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Sorry if this question will sound stupid, but I'm just starting to learn C++ and there is something confusing me about the placement new

I've been reading C++ Primer (which I find is a very good book to learn C++), and in the placement new section there is an example given. The example uses a char array to provide memory space for the placement new

const int BUF = 512;
const int N = 5;
char buffer[BUF];
double * pd1;
pd1 = new (buffer) double[N];

My question is why is it using a char array to provide memory space for the placement new? Also the last line in the code above is allocating memory for an array of double, how is that possible when the original memory space contains a char array? If the placement new is using the memory space of the char array, does this mean when we allocate the double array it overwrites the char array in that memory?

Again sorry if the question is strange, but hope I've made it quite clear.

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up vote 7 down vote accepted

why is it using a char array to provide memory space for the placement new?

Why not? char is the smallest type that C++ defines, and on virtually every implementation, it is one byte in size. Therefore, it makes a good type to use when you need to allocate a block of memory of a certain size.

C++ also has very specific mechanics about how arrays of char (and only char are allocated. A new char[*], for example, will not be aligned to the alignment of char. It will be aligned to the maximum normal alignment for any type. Thus, you could use it to allocate memory and then construct any type into that memory.

Also the last line in the code above is allocating memory for an array of double, how is that possible when the original memory space contains a char array?

It is not allocating anything. It is constructing an array, using the memory you have given it. That's what placement new does, it constructs an object in the memory provided.

If the placement new is using the memory space of the char array, does this mean when we allocate the double array it overwrites the char array in that memory?

Yes.

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Ah I see, I kinda forgot the fact that char is the smallest type, that's why I was slightly confused. Thanks for your answer :-) – Ali Alamiri Nov 14 '12 at 0:05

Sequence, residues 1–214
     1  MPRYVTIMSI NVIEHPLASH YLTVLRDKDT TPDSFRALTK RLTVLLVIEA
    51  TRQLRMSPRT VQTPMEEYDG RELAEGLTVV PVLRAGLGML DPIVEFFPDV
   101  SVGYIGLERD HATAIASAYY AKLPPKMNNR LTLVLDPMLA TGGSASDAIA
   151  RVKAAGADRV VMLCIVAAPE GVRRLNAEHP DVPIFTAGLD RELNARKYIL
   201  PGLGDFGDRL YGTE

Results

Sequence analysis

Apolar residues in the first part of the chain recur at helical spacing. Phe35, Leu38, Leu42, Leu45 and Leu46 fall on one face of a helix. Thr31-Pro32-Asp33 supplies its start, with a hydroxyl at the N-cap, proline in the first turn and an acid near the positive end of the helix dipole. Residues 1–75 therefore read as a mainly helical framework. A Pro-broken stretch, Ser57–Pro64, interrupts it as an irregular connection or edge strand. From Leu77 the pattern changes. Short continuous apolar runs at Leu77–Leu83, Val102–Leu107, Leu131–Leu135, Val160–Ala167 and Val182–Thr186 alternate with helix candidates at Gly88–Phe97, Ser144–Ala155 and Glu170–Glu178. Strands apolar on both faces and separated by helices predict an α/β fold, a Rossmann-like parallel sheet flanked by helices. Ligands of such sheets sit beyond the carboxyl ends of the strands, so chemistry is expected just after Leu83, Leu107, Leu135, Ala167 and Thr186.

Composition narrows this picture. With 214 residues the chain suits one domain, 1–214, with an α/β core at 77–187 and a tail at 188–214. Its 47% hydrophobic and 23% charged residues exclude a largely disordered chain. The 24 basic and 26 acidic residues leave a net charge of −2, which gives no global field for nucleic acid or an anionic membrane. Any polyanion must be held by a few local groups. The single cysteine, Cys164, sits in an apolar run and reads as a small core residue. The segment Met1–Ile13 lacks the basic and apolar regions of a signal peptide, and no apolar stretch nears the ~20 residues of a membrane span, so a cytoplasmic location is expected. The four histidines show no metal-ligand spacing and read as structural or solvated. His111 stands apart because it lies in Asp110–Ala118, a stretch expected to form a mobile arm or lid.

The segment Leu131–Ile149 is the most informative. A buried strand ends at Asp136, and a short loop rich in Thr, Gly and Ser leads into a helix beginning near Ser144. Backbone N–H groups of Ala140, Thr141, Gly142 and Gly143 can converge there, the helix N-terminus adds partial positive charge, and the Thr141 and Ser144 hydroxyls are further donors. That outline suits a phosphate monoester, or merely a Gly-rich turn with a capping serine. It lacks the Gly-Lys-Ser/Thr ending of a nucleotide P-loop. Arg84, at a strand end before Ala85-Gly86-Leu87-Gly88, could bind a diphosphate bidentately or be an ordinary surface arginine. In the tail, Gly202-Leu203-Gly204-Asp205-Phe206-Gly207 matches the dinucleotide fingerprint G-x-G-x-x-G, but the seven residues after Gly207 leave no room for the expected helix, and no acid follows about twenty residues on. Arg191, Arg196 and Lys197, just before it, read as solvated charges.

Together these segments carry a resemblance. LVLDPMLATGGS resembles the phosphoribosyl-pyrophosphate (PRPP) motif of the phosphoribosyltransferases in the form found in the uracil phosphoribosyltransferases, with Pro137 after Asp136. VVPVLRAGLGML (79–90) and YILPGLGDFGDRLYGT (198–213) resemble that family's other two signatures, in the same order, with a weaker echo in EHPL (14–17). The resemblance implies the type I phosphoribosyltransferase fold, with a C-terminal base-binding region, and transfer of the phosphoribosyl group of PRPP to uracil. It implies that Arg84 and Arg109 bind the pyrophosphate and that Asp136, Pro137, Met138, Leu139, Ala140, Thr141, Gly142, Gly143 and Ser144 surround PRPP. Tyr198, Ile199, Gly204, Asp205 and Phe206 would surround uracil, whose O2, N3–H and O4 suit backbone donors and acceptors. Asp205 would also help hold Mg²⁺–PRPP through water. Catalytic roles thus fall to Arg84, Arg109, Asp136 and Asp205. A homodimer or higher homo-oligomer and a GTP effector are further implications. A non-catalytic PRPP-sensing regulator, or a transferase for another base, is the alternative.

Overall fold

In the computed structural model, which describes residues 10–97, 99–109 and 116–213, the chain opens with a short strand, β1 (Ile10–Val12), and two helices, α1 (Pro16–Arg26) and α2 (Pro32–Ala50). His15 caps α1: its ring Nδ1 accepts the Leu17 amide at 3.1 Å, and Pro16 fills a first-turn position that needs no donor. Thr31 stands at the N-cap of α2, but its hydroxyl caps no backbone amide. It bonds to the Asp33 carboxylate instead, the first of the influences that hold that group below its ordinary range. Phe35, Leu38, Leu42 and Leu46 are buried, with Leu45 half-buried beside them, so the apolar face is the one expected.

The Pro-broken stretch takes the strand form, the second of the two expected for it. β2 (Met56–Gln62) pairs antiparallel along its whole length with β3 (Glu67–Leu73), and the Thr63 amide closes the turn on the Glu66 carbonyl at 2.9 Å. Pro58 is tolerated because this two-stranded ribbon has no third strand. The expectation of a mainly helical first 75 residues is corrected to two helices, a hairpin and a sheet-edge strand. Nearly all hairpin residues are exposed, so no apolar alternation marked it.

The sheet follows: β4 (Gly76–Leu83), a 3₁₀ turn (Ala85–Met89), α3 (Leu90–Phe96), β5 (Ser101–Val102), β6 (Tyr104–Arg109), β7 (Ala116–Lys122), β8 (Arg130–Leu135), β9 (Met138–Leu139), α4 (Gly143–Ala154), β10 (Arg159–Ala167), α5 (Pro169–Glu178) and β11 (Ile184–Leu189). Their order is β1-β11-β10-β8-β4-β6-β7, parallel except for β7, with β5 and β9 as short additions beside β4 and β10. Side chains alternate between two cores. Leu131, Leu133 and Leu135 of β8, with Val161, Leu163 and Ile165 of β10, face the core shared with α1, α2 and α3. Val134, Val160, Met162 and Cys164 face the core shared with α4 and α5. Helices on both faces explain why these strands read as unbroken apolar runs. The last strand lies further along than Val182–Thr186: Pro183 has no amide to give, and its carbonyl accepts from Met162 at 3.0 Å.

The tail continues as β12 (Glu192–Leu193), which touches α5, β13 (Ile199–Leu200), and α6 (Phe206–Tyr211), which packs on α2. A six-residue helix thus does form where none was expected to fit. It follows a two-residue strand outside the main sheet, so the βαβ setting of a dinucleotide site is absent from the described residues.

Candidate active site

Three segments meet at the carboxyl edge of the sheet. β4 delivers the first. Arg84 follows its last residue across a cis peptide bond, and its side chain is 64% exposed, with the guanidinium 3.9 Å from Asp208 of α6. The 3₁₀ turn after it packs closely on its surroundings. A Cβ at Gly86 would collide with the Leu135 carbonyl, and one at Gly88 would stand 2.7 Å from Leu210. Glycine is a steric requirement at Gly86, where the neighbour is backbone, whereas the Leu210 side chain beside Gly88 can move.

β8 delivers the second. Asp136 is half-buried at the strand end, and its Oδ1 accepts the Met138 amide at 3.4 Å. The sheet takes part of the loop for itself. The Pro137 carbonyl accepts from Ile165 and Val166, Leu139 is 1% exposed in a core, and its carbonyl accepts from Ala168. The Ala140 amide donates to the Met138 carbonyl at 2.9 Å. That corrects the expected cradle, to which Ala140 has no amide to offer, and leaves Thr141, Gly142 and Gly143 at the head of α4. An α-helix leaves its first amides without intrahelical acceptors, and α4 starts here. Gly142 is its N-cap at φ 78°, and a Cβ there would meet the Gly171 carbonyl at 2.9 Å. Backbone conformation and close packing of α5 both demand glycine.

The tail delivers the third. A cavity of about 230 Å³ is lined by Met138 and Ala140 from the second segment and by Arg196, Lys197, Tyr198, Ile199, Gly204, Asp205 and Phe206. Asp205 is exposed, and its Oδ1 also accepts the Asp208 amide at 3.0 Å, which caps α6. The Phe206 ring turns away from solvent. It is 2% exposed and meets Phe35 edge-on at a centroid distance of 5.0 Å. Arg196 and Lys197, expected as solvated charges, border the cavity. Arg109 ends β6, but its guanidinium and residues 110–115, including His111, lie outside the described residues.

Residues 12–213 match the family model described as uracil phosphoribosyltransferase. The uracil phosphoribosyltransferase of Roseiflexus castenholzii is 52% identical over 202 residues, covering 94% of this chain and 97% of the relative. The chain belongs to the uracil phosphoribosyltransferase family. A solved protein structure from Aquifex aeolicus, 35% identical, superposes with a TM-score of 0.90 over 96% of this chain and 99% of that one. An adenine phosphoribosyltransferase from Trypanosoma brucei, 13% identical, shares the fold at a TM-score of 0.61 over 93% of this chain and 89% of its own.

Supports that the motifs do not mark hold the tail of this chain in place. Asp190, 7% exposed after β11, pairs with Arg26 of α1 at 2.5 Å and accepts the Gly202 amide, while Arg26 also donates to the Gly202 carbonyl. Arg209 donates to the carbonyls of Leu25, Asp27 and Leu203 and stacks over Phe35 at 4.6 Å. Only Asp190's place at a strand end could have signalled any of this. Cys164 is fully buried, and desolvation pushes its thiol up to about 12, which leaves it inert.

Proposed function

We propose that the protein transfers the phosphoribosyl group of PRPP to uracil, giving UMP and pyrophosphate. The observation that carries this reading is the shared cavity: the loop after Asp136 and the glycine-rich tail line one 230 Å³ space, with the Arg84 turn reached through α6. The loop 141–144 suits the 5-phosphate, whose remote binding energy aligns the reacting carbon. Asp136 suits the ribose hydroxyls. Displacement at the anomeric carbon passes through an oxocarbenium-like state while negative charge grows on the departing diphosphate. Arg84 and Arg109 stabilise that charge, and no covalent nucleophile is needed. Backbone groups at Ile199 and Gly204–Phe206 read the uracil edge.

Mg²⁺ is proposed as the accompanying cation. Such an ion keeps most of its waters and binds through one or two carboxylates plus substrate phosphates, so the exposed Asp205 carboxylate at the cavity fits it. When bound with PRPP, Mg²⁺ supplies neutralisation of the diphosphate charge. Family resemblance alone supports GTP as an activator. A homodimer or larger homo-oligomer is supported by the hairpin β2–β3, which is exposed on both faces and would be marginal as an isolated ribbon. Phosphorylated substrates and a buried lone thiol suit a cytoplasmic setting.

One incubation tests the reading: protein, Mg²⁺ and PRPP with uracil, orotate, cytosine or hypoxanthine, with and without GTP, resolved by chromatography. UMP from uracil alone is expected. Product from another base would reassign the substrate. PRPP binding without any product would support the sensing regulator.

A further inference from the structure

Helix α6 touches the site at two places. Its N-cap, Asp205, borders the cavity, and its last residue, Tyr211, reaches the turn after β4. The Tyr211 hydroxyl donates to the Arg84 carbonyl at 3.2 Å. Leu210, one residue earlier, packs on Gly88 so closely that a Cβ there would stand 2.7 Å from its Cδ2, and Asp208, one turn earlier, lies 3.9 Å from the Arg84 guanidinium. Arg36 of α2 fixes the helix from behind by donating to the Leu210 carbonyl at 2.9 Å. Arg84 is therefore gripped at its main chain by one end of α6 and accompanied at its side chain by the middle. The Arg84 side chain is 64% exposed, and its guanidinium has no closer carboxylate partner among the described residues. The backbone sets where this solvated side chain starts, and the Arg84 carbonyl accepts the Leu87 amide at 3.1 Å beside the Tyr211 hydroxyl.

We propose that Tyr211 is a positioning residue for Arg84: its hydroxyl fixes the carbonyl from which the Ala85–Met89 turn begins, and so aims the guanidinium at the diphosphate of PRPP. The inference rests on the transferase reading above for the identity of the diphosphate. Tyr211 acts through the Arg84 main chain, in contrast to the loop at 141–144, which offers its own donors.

Yes, the char array and the double array would overlap, more specifically they would start at the same address in memory, i.e. (long)buffer and (long)pd1 would be the same. We can emphasize the overlap even more by making the byte sizes match (assuming sizeof(char) == 1):

const int N = 5;
char buffer[N * sizeof(double)];
double *pd1 = new (buffer) double[N];

Yes, if you modify the data pd1 points to, then the data buffer points to would also be modified. And the other way round as well. (See also the GCC flag -fstrict-aliasing to learn about how compiler optimizations work with such an overlap.)

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There are no stupid questions.

It uses char probably because it makes you think about raw bytes (char is usually 1 byte long). The last line on the code is not allocating memory, it just places a double array over the mentioned buffer. If it was an object, it would also call the constructor. Yes, the char array gets overwritten.

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Memory is memory. The machine doesn't care what type of data is stored there, that's up to the language to define and enforce. The answer to "why" is "because C++ is designed to let you."

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char buffer[BUF]; is just some memory. There's no type information attached to the bytes composing buffer. Only the compiler knows, that this memory region is supposed to hold characters. You could use any type, even double:

double buffer[BUF];
double *pd1 = new (buffer) double[N];
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